The Overview Effect

The experience of traveling in space is life-changing. For all of the reasons that immediately come to mind – the years preparation, the level of commitment required, the danger and fear that must be overcome, the isolation and extreme conditions experienced by those spending weeks and months in space. All of these are without a doubt life altering experiences. Many astronauts, however, describe another experience as the most life changing of all. The perspective altering experience of seeing the earth from a distance – as a planet in space – is referred to as the Overview Effect. Those who have experienced it have a transformed perspective of the planet and humankind’s place upon it. “Common features of the experience are a feeling of awe for the planet, a profound understanding of the interconnection of all life, and a renewed sense of responsibility for taking care of the environment.” (!/about/)

In other words, a radically new perspective of our planet gave them a radically new perspective on our planet. Distance and viewpoint changed everything – permanently. The results are fascinating and can be seen in detail on a beautiful 19 minute video at the following link: It really illustrates the power of perspective.

The astronauts’ perspective is unique in that it is one that only a few human beings have had the opportunity to experience. Of the approximately 7.3 billion people on the planet, as of 2013 only 536 individuals have traveled into space. That is only a miniscule fraction of humankind. Yet they come back reporting to us how differently they see things, how interconnected we all actually are, how fragile our planet is. So life altering, so revolutionary, that they have difficulty communicating it to the rest of us. Their changed perspective changed everything.

And doesn’t it always?

We see everything that we see from a limited perspective – our individual lives, our families, our cultures, our jobs, our churches, our conflicts. How can we find an overview effect for our own lives? How do we find the distance, the viewpoint to see things more holistically, more clearly? In a way that changes us permanently?

Sometimes a major loss can jolt us in a way that changes our perspective. An accident or illness takes the life of a loved one and we see them, their life, their love, their place in our world in a completely different way. Or we lose our job and suddenly see our life circumstances and our understanding of meaningful work and what is “enough” in a completely new light. Or we experience major illness ourselves and our priorities are suddenly much clearer. Perhaps a divorce or another family crises refocuses our view of family and commitment.

Why do these things change our perspective? Because they shake us, confront us with the truth, waking us from the complacency of life where we think we know what to expect from every person and every situation. They force us to acknowledge that we never did know. And what we thought we understood, we only understood in part.

It’s not only pain that does this. It is also life, adventure, stretching ourselves outside of our comfort zones. Watch a baby being born and suddenly time stands still and Life feels very tangible. Travel to a new culture and smell new things, hear the music of an unfamiliar language, struggle to communicate and understand – and you realize that there is so much out there that you do not know – and that is good. Hear the perspective of world politics from someone on the other side of the globe and be humbled by your limited understanding.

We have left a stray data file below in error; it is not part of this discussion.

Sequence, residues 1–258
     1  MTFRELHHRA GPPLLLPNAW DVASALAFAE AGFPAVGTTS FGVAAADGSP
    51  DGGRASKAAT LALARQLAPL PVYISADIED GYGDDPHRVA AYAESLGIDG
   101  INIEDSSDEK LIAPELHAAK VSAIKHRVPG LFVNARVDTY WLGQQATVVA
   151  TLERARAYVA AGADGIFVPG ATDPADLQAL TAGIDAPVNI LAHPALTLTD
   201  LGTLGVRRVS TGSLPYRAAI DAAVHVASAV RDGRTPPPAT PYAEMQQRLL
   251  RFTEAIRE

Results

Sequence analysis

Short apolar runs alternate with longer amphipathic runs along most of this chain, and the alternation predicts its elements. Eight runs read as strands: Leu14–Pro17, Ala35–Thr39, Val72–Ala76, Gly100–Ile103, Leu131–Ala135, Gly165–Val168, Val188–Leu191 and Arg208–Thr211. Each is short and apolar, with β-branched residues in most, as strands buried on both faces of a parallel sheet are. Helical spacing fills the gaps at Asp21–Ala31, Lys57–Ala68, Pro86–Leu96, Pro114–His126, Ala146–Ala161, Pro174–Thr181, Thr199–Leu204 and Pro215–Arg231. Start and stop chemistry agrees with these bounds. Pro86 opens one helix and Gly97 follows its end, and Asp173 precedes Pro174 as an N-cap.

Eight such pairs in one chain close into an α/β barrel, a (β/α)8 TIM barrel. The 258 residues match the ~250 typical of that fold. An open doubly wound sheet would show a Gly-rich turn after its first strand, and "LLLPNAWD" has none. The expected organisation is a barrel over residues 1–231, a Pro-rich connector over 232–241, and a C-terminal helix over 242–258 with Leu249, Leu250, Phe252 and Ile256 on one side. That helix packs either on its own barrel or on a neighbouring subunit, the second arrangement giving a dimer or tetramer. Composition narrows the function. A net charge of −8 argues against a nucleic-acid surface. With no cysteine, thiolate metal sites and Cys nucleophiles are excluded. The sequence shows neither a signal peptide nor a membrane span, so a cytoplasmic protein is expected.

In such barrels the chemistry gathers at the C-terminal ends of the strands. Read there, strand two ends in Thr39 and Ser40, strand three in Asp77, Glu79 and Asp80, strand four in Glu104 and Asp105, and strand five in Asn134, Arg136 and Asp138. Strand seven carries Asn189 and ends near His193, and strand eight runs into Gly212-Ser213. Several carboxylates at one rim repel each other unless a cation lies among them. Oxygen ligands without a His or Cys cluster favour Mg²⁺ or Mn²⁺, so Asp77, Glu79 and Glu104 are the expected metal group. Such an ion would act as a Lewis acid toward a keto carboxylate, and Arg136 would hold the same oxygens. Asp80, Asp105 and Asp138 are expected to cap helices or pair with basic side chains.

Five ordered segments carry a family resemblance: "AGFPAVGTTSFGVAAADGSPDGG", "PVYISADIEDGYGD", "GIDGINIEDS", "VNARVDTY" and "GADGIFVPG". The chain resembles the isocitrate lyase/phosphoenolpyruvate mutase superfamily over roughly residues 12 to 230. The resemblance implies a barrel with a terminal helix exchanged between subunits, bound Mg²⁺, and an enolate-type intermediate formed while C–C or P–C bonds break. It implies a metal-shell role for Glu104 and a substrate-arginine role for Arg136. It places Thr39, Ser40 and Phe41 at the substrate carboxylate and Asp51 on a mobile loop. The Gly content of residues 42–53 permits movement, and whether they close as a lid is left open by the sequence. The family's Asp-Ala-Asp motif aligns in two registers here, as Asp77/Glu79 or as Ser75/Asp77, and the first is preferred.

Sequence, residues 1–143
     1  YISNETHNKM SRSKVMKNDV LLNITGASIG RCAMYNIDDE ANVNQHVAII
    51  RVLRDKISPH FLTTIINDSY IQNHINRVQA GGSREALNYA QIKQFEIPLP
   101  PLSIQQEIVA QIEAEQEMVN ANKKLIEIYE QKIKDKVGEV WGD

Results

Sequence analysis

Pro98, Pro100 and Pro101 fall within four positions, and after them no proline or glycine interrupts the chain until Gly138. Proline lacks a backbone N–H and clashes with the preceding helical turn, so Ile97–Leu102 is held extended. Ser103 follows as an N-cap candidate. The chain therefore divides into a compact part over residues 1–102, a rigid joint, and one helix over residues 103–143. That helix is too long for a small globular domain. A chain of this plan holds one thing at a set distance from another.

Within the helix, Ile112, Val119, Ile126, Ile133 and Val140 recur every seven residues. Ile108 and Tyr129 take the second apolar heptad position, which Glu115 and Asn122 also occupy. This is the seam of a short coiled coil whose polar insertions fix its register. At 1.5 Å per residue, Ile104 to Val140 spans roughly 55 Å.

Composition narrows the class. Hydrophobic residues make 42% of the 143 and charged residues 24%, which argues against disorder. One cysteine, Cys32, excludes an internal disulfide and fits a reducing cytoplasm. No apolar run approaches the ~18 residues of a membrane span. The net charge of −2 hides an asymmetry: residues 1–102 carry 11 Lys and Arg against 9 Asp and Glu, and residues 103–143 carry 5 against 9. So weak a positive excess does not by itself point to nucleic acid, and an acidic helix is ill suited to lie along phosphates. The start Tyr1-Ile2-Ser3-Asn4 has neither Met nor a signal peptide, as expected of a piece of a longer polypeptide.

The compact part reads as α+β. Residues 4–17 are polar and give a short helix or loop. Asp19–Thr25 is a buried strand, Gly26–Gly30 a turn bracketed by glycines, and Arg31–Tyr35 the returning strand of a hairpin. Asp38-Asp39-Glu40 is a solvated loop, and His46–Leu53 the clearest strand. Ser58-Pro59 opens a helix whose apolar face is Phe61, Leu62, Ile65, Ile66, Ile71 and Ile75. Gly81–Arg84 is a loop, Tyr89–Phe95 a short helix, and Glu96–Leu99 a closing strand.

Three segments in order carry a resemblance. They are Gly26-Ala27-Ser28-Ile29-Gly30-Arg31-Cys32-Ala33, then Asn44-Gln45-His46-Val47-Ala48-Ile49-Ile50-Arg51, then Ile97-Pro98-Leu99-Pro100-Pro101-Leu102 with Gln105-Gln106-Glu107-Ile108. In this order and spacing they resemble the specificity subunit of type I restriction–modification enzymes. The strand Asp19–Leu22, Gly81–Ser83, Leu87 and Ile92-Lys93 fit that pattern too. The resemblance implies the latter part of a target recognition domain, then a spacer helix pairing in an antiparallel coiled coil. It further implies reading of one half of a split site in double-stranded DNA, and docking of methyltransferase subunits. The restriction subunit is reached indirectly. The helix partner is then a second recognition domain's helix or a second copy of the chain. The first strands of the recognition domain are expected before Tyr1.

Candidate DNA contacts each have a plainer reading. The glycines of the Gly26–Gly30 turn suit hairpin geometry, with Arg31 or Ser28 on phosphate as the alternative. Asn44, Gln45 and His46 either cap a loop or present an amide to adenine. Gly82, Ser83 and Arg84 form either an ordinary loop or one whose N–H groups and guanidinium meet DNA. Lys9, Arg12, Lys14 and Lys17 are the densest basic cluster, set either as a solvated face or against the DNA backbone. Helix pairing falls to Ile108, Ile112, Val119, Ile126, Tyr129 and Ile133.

We all need an overview from time to time. Like the fabled blind men describing the elephant, we can only perceive what is right in front of us. To get more understanding of the entirety of life – we have to move around, listen to others, encounter new things and be willing to risk being wrong.

When faced with difficulty, perspective is the thing we lack the most and of which we are the most in need. Our overview in times like these often comes from those who walk alongside us through the darkness. Friends, pastors, family, counselors, coaches – all can give us needed perspectives on the bigger picture and therefore clearer views on where to step next. It is not weakness, but wisdom, to recognize when we need guides to shift our perspective – to help us see the interconnectedness, fragility and strength of the “planet” we live on. Their overview can help grow our own and give us the clarity we need to move forward.

“For now we see in a mirror, dimly, but then we will see face to face. Now I know only in part; then I will know fully, even as I have been fully known” (1 Corinthians 13:12). Only God “In whom we live and move and have our being” (Acts 17:28) – sees fully, knows fully – and only with God one day will we ever have full perspective. In the meantime, we lean into life, into each other – and into the faith, hope and love of which Paul writes. We find every opportunity to stretch ourselves, broaden our experiences, listen to our lives, learn from our pain, embrace miracles, risk adventure. To find our overview effect and be forever transformed. Because changed perspective changes everything.


Amy DerrickAmy Derrick is a CHC Coach and lives in of Denver, Colorado.  She has served in a variety of pastoral care settings and international ministry settings. For the last eighteen years she worked with the Cooperative Baptist Fellowship as Field Services Selection Manager. During that time she launched and directed the Student.Go program, enabling undergraduate and graduate students to experience cross-cultural ministry opportunities around the world.